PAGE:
Self-Regulation in Sport

Participation  in  sport  and  exercise  requires  self-regulation.  Examples  of  self-regulation  include an  individual  fighting  the  urge  to  stop  during  an intense exercise class, a golfer trying to ignore feelings  of  excitement  and  focus  on  a  simple  putt  to win a tournament, and a soccer player resisting the desire  to  strike  an  opponent  who  has  repeatedly fouled him. The process by which individuals consciously attempt to constrain unwanted thoughts, feelings,  and  behaviors  and  bring  these  in  line with  ideals  or  goals  is  termed  self-regulation,  or self-control.  The  ability  to  self-regulate  has  been shown to contribute positively to performance and behavior in a number of domains, including sport and exercise.

Athletes  and  exercisers  use  numerous  self-regulation  strategies.  For  example,  in  an  effort to  control  anxiety  before  an  important  game,  a hockey  player  may  engage  in  the  regulation  of his  thoughts  by  using  self-talk  to  reappraise  the importance  of  the  game,  imagine  performing well,  and  distract  himself  by  listening  to  music. An  exerciser  fighting  the  impulse  to  stay  in  and watch  television  instead  of  working  out  may  do so  by  using  motivational  self-statements  (e.g., I will feel much better after exercising), imagining achieving her fitness goals, or seeking the support of a fellow exerciser. The aim in using these strategies is to make achieving an important goal (e.g., play well in the hockey match or maintain fitness) more  likely  by  regulating  thoughts,  feelings,  and behaviors  that  can  detract  from  the  goal  (e.g., worrying  about  the  outcome,  watching  the  TV). Overriding  the  impulses  that  negate  our  goals  is not easy, and to understand why, the core aspects of self-regulation are first outlined here. Following this,  a  discussion  is  provided  about  when  self-regulation may be impaired. The entry concludes with a discussion about how self-regulation can be developed.

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Core Aspects of Self-Regulation

Self-regulation  comprises  four  core  aspects:  standards,   monitoring,   strength,   and   motivation. Regulation means a change to bring into line with some  standard,  which  is  not  possible  without keeping track or monitoring current states, and so the  first  two  aspects  are  inextricably  linked.  For example, if a tennis player is to reduce her angry outbursts  on  the  court  in  line  with  the  umpire’s standards,  she  must  monitor  her  thoughts,  feelings, and behaviors to curb displays of frustration following unfavorable line calls. This “curbing” is difficult and, much like any effortful task, requires energy.  Therefore,  self-regulatory  strength  will determine whether the tennis player is capable of avoiding  displays  of  frustration.  Motivation  to change  is  also  necessary;  in  this  example,  if  the outbursts are leading to point penalties, this may increase  the  tennis  player’s  motivation  to  change her  responses.  The  core  aspect  of  self-regulation that has generated most research is the notion that self-regulation requires energy, and as such can be depleted. This proposition is central to the strength model of self-regulation, which is now discussed.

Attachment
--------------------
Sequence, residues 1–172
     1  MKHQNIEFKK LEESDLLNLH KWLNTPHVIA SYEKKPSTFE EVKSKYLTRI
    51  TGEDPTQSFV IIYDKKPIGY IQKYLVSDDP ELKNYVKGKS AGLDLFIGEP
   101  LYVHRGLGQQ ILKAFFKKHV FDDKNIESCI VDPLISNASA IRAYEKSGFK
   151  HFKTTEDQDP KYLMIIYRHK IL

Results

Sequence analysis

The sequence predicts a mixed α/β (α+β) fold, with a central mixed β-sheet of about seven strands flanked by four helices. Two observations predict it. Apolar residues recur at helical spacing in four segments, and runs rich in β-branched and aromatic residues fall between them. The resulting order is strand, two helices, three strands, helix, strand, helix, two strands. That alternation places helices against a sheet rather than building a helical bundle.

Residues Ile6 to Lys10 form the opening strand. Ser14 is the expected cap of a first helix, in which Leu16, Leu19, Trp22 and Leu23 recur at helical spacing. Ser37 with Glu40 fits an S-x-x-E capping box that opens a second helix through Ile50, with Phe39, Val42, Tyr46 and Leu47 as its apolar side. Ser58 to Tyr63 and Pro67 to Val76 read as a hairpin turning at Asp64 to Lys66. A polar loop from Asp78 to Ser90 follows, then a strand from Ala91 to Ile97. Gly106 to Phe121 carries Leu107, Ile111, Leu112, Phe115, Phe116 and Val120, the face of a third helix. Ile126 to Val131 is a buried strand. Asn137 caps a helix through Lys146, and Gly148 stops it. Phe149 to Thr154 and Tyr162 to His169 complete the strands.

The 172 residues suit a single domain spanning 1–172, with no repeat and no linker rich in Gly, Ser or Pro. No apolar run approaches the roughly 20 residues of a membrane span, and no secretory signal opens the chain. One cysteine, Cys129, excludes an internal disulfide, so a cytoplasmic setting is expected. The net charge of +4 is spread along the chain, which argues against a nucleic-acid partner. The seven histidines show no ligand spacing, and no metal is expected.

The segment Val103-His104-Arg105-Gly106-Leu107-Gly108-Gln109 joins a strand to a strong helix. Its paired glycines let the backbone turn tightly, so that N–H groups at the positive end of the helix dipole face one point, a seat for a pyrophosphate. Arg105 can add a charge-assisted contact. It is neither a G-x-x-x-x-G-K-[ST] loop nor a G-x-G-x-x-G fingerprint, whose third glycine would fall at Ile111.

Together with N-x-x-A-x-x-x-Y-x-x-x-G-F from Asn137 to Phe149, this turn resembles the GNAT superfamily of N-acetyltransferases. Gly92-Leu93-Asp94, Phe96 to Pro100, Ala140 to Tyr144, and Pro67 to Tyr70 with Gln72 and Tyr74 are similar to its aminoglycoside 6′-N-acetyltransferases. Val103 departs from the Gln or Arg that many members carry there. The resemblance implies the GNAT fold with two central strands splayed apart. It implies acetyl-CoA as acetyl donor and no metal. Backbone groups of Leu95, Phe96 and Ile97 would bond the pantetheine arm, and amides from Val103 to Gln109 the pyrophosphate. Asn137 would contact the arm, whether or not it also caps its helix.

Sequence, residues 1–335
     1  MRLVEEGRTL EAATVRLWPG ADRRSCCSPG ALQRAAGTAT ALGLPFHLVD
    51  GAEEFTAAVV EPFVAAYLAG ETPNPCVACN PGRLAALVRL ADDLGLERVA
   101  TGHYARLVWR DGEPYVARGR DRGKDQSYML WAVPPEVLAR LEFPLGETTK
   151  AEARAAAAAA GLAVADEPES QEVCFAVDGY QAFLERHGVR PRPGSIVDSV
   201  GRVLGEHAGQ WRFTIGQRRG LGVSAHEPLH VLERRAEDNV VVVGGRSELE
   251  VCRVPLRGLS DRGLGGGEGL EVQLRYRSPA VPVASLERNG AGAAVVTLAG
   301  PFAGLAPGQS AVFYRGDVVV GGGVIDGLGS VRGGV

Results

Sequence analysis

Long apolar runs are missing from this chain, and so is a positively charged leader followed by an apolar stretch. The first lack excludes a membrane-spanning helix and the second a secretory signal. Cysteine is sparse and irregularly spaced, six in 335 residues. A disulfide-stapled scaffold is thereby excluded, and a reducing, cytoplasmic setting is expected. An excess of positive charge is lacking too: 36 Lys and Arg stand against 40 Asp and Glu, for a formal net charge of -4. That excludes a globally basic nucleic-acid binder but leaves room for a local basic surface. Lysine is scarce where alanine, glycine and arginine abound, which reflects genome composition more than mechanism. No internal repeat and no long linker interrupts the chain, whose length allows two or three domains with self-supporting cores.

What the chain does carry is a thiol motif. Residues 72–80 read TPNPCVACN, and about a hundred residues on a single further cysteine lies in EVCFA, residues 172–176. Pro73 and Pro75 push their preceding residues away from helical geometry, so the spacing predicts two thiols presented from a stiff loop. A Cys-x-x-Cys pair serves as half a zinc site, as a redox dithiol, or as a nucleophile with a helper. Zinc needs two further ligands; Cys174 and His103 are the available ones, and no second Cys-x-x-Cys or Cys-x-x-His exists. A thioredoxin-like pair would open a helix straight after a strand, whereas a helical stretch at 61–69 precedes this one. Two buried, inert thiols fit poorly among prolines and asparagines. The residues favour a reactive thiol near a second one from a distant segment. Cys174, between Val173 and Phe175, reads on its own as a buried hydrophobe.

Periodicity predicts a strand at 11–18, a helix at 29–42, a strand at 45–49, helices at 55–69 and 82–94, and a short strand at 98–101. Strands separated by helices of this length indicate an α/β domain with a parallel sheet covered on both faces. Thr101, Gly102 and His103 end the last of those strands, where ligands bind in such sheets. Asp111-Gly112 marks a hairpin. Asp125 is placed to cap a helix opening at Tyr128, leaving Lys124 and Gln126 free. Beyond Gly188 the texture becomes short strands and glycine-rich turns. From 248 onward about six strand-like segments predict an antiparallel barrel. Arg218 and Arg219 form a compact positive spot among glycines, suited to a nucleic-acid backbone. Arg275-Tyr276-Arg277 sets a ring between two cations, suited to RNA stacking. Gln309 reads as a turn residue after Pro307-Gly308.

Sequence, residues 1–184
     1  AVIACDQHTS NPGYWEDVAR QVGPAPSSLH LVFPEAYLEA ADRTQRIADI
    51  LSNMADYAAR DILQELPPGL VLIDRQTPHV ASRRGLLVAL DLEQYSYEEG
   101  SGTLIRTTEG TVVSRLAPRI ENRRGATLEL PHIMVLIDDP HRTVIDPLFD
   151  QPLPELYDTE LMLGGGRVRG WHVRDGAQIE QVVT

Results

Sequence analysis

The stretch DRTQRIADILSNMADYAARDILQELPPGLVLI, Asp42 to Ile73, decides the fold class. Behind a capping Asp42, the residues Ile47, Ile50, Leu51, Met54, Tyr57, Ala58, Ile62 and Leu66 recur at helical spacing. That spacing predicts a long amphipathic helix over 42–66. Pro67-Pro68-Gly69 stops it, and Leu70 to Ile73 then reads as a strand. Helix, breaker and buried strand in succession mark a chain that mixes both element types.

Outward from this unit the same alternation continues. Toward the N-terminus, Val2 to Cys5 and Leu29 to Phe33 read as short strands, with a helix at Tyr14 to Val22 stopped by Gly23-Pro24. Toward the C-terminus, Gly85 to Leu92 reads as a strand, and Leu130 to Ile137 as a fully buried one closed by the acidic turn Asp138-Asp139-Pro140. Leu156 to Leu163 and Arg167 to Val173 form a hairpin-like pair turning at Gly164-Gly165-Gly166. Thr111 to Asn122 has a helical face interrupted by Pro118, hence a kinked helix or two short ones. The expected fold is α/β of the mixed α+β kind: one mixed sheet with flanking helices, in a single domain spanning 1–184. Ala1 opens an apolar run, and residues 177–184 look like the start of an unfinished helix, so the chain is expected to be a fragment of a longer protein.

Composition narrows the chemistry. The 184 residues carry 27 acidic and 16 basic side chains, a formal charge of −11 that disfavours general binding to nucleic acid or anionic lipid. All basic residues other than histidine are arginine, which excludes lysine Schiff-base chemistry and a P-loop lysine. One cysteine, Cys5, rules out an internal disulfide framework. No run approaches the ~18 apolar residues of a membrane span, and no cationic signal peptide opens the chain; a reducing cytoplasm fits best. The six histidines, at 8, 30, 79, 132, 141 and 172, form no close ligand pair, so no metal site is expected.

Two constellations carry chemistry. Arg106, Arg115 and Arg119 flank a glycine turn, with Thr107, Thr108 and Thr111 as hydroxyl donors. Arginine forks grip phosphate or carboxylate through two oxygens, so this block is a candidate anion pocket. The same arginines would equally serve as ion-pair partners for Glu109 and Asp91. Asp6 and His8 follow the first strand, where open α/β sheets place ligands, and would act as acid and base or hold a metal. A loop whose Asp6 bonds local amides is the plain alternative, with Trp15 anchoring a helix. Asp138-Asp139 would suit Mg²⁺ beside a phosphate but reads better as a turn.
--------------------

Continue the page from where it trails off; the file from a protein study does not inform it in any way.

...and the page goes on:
The Strength Model

The   strength   model   was   proposed   by   Roy Baumeister and colleagues in the early 1990s, and its  central  premise  is  that  self-regulation  deteriorates over time from repeated exertions, as if reliant on a finite energy source. A consistent body of research has supported this view. This research has typically used a dual-task paradigm in which one group  of  participants  completes  a  task  requiring self-regulation and one group completes a task that does not. Both groups then complete a second task that does require self-regulation. The key finding is that participants are more likely to perform worse at later tasks requiring self-regulation if they have already  done  a  task  requiring  self-regulation.  To illustrate, participants in one study who first completed  a  thought-suppression  task  requiring  self-regulation (try not to think of a white bear) were less able to resist the temptation of a beer before completing a driving simulator task compared with participants who had first completed a five-minute mental arithmetic task. Further, the energy source required  for  self-regulation  is  depleted  regardless of the type of self-regulation. Of particular interest to sport and exercise participants is that physical performance  can  be  affected  by  the  regulation  of thoughts or emotions. To illustrate, self-regulation on  a  cognitive  task  (e.g.,  Stroop  test)  has  been shown to deplete performance on muscular endurance  tasks  (e.g.,  handgrip  test),  with  participants having  to  work  harder  to  achieve  the  same  level of physical performance. The findings suggest that self-regulatory depletion may cause central fatigue, which can be thought of as the failure of the central  nervous  system  (CNS)  to  drive  the  muscles. Thus,  athletes  and  exercisers  striving  to  control their  thoughts  and  emotions  in  competition  may be more prone to suffer disruptions in endurance performance.